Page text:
Enteric nervous system
|Enteric nervous system|
The enteric nervous system (ENS) or intrinsic nervous system is one of the main divisions of the autonomic nervous system (ANS) and consists of a mesh-like system of neurons that governs the function of the gastrointestinal tract. It is capable of acting independently of the sympathetic and parasympathetic nervous systems, although it may be influenced by them. The ENS is also called the second brain. It is derived from neural crest cells.
The enteric nervous system is capable of operating independently of the brain and spinal cord, but does rely on innervation from the autonomic nervous system via the vagus nerve and prevertebral ganglia in healthy subjects. However, studies have shown that the system is operable with a severed vagus nerve. The neurons of the enteric nervous system control the motor functions of the system, in addition to the secretion of gastrointestinal enzymes. These neurons communicate through many neurotransmitters similar to the CNS, including acetylcholine, dopamine, and serotonin. The large presence of serotonin and dopamine in the gut are key areas of research for neurogastroenterologists.
The enteric nervous system in humans consists of some 500 million neurons (including the various types of Dogiel cells), 0.5% of the number of neurons in the brain, five times as many as the one hundred million neurons in the human spinal cord, and about 2⁄3 as many as in the whole nervous system of a cat. The enteric nervous system is embedded in the lining of the gastrointestinal system, beginning in the esophagus and extending down to the anus.
The neurons of the ENS are collected into two types of ganglia: myenteric (Auerbach's) and submucosal (Meissner's) plexuses. Myenteric plexuses are located between the inner and outer layers of the muscularis externa, while submucosal plexuses are located in the submucosa.
Auerbach's plexus, also known as the myenteric plexus, is a collection of unmyelinated fibers and postganglionic autonomic cell bodies that lie between the circular and longitudinal layers of the muscularis externa in the gastrointestinal tract. It was discovered and named by German neuropathologist Leopold Auerbach. These neurons provide motor inputs to both layers of the muscularis externa, and provide both parasympathetic and sympathetic input. The anatomy of the plexus is similar to the anatomy of the central nervous system. The plexus includes sensory receptors, such as chemoreceptors and mechanoreceptors, that are used to provide sensory input to the interneurons in the enteric nervous system. The plexus is the parasympathetic nucleus of origin for the vagus nerve, and communicate with the medulla oblongata through both the anterior and posterior vagal nerves.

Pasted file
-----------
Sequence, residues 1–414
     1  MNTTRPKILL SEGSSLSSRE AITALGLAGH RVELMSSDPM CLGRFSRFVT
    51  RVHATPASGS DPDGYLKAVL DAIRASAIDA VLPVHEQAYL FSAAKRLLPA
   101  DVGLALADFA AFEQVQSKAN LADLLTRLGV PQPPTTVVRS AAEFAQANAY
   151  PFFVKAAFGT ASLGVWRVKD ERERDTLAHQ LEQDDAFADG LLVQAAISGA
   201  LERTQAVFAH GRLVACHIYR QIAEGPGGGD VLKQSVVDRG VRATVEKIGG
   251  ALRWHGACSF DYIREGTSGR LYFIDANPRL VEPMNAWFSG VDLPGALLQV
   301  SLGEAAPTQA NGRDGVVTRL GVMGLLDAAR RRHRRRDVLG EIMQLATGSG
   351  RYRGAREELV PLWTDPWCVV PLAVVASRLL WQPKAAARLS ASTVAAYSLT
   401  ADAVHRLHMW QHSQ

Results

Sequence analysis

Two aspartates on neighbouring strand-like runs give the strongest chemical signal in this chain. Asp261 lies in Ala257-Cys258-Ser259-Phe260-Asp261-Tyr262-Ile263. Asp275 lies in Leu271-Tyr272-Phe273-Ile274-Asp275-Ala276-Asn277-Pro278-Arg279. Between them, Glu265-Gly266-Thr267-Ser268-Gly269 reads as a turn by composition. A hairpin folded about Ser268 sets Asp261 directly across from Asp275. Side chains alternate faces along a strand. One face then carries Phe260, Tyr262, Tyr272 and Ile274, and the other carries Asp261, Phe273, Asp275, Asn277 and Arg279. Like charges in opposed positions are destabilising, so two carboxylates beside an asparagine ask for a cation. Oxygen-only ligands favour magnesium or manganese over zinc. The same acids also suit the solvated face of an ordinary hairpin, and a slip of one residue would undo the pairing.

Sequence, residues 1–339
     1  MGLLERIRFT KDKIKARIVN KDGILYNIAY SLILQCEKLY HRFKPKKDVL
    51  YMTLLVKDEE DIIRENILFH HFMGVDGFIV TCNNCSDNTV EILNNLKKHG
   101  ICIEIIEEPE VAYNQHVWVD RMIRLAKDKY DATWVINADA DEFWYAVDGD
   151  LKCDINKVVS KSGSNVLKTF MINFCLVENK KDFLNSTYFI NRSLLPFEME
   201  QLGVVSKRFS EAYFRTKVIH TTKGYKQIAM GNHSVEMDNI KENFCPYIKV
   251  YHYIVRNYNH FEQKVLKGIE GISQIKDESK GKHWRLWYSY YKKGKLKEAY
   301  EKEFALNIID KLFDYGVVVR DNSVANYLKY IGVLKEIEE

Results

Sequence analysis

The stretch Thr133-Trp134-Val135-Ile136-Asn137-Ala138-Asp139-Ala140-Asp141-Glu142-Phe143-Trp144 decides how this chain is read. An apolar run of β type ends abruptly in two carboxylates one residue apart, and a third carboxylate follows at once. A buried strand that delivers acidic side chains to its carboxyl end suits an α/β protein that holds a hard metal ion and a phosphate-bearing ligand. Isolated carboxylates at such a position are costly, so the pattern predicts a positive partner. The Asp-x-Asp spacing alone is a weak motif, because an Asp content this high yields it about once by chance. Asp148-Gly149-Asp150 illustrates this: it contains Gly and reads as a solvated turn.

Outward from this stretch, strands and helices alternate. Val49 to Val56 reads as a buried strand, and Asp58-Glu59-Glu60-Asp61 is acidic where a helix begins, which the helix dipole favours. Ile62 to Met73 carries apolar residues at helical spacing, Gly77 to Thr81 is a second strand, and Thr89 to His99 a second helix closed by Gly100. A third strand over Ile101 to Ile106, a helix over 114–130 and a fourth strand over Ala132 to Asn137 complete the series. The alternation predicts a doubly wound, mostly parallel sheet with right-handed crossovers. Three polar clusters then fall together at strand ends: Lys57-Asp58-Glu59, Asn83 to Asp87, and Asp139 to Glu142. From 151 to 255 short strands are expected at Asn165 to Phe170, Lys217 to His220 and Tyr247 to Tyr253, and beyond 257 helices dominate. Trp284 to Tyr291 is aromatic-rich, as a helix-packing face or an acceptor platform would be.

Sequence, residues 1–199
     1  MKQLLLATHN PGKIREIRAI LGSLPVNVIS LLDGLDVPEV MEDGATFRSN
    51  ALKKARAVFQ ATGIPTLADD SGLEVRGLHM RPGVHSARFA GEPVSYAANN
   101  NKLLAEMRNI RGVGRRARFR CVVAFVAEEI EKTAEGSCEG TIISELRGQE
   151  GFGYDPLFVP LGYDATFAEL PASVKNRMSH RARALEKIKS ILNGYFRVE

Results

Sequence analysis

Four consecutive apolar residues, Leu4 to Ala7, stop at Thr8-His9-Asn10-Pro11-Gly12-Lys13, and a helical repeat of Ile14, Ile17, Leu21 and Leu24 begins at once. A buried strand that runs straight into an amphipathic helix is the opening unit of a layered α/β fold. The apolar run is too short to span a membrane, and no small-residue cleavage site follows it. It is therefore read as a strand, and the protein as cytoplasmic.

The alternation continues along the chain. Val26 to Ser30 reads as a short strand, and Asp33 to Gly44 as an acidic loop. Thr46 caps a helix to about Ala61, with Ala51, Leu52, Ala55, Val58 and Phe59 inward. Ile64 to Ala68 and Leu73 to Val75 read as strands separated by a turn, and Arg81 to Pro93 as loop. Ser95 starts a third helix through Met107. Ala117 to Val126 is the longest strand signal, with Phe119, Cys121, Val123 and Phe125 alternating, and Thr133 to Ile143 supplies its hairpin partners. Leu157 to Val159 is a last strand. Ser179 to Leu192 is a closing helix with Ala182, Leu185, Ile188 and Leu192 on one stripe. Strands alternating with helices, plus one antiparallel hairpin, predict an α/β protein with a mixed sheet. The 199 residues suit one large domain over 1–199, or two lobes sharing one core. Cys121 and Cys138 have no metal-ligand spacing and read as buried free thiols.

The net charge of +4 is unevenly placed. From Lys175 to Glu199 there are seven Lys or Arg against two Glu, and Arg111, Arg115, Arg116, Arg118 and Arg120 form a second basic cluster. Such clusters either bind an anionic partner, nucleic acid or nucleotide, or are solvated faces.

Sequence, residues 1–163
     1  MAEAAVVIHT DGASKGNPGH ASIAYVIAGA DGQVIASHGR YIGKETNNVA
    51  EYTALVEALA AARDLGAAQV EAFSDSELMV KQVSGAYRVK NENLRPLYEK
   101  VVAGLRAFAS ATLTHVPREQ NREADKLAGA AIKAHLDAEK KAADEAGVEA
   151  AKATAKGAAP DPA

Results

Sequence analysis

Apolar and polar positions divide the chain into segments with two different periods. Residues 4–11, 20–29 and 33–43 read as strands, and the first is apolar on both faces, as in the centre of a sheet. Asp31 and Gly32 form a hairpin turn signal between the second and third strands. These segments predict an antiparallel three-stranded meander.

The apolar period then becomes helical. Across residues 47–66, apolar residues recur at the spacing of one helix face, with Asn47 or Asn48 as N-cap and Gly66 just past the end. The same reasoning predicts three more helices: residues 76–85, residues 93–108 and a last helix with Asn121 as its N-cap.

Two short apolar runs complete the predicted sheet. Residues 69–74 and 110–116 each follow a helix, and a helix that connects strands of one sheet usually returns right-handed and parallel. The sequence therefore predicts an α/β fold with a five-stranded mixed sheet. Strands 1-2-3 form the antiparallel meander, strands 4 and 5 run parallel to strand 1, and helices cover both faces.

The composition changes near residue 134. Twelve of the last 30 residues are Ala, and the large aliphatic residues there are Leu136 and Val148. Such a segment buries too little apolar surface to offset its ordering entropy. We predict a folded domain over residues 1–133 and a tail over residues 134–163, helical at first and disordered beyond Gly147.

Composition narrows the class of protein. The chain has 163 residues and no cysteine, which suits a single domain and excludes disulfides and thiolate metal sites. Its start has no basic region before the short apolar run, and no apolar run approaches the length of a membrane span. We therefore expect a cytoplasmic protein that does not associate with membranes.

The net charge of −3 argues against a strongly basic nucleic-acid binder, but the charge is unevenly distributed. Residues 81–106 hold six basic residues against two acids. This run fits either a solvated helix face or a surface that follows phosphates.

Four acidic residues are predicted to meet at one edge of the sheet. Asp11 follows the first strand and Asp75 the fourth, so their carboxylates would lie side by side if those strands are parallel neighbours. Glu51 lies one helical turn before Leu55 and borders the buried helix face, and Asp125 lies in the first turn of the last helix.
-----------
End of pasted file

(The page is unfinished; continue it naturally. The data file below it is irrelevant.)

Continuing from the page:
The submucosal plexus (also known as Meissner's plexus) is found in the submucosal layer of the gastrointestinal tract. It was discovered and named by German physiologist Georg Meissner. It functions as a pathway for the innervation in the mucosa layer of the gastrointestinal wall.
The ENS is capable of autonomous functions like the coordination of reflexes; although it receives considerable innervation from the autonomic nervous system, it can and does operate independently of the brain and the spinal cord. Its study is the focus of neurogastroenterology.
The enteric nervous system has been described as a "second brain" for several reasons. The enteric nervous system can operate autonomously. It normally communicates with the central nervous system (CNS) through the parasympathetic (e.g., via the vagus nerve) and sympathetic (e.g., via the prevertebral ganglia) nervous systems. However, vertebrate studies show that when the vagus nerve is severed, the enteric nervous system continues to function.